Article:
Mercedes-Benz Electric Vehicle Safety
One of the biggest reasons put forth for not having electric vehicles have been safety ramifications. Batteries, especially of the size needed to power electric vehicles, can have incredibly violent reactions to punctures or other compression, and the combination of energy being released and dangerous chemicals within the battery could lead to horrific results. You can check out the video below, timestamped to show some of these violent reactions. Compared to the years of experience engineers have had in creating safe petrol vehicles, such as crumple points in the vehicle to absorb impact and protect the cabin, better materials, and other factors, electric vehicles need as much, if not more, safety measures designed and installed to make electric vehicles functional.
Thankfully, the teams over at the Mercedes-Benz tech center definitely thought all this through while designed their own EQC vehicle, and have fully tested it for vehicle safety at their facilities which are touted as the most advanced crash test center in the world. Before we get into the results, the Mercedes-Benz EQC is a prototype expected to release in 2 years, built as an all-electric SUV. With 408 horsepower between the rear and front electric motors, the EQC is able to reach 0-60 miles per hour in just 4.9 seconds. The current prototype that’s been featured and tested by different car news companies features an interior that closely mimics the G-Class and S-Class, although that could be changed by the time the vehicle reach production.
Now, back to the results of Mercedes’ crash tests, and how it improves the safety of the EQC for future drivers. First of all, multiple subframes are built underneath the vehicles frame, individually housing the drive components in the front section and the battery, with deformation (or crumple) elements fitted between the battery and protective space. This is a similar tech, with more devoted engineering, as the crumple technology currently built onto petrol vehicles that protects the cabin, now utilized on important drive elements as well.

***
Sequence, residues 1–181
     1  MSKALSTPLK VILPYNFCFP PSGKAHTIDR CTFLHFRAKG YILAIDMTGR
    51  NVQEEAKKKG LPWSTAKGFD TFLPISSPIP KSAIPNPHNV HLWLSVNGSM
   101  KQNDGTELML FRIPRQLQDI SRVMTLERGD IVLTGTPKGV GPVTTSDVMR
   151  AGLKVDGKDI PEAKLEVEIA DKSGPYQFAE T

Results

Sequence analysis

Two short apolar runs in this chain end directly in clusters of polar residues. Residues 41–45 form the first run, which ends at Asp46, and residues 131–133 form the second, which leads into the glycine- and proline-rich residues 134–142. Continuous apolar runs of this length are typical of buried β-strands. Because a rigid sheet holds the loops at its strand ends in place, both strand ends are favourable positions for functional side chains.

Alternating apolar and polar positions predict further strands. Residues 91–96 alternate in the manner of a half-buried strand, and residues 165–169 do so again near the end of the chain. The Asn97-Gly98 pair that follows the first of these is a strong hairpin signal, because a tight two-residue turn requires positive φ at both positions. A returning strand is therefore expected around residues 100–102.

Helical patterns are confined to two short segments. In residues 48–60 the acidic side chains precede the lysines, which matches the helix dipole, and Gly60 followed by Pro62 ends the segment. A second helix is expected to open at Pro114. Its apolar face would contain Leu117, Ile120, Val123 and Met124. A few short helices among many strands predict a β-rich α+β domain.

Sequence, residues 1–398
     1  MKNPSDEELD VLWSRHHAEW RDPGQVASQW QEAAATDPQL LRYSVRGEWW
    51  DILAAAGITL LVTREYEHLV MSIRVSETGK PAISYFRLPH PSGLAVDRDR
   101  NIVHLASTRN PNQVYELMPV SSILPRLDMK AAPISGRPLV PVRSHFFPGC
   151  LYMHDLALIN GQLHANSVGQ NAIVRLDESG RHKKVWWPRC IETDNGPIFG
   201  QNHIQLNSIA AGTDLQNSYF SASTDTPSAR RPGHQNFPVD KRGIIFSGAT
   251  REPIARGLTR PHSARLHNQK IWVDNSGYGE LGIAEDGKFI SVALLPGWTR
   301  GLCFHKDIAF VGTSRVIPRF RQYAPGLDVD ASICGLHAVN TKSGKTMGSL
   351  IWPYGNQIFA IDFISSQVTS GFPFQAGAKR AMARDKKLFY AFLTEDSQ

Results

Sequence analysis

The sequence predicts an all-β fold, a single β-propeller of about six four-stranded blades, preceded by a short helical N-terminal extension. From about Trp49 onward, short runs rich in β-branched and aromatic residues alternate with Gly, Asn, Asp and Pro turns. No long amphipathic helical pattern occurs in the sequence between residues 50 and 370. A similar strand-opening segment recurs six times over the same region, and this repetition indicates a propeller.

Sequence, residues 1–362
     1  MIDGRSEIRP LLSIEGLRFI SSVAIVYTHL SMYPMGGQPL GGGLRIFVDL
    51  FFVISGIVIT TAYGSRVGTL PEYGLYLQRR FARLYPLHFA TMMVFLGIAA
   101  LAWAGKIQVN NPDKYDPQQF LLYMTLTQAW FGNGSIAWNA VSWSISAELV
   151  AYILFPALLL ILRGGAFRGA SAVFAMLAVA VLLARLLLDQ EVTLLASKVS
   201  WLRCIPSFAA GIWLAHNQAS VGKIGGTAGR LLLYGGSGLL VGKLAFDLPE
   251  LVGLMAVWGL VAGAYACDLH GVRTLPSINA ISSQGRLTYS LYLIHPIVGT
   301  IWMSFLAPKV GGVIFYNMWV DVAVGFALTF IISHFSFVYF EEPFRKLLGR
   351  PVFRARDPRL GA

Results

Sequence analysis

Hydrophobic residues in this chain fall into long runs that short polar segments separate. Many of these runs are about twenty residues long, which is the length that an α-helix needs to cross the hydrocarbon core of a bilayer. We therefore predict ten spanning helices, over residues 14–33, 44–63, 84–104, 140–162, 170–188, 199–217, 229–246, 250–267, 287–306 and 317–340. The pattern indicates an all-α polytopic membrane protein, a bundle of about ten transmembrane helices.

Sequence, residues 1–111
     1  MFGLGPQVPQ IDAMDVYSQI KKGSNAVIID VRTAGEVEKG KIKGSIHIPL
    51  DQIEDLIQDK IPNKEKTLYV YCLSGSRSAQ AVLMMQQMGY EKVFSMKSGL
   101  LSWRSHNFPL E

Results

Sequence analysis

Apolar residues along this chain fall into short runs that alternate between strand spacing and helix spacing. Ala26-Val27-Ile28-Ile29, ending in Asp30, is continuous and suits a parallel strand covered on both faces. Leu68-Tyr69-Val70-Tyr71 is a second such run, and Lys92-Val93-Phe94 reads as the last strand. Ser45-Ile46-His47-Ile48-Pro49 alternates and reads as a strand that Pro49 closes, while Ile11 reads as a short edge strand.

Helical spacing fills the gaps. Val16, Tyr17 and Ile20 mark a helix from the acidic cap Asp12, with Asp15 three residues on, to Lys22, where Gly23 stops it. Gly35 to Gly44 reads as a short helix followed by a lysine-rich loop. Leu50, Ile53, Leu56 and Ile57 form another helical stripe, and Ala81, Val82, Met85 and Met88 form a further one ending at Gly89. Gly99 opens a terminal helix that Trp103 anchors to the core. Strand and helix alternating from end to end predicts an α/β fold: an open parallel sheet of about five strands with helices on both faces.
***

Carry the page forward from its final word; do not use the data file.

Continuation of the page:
Another extraordinary combination of hardware and software that Mercedes has developed is the high-voltage system that shuts down automatically in the event of a crash, depending on the seriousness of said crash; the same goes for charging, if the vehicle is stationary at a charging station. This technology isn’t a new concept for Mercedes-Benz though, as they initially innovated similar concepts in their vehicles: many modern day Mercedes feature safety tech that, in the event of a collision, will create noise through the speakers at a specific volume and frequency to lessen or completely remove the hearing loss typically associated with a collision. Another technology that is similar is, in the event of a rollover, windows in a Mercedes will automatically pull into the doors so that shattered glass will not spill through the vehicle potentially injuring passengers.
The EQC will likely see all these features and all the other standard safety features expected of vehicles these days. But one of Mercedes-Benz’s biggest concerns is protecting the battery to ensure the protection of the passengers within their vehicles. Although this may raise the costs of a wreck due to the damage to the vehicle and all the systems in place to absorb that damage, no cost is worth the injury to human life, and Mercedes is striving to protect those who drive their vehicles and their families.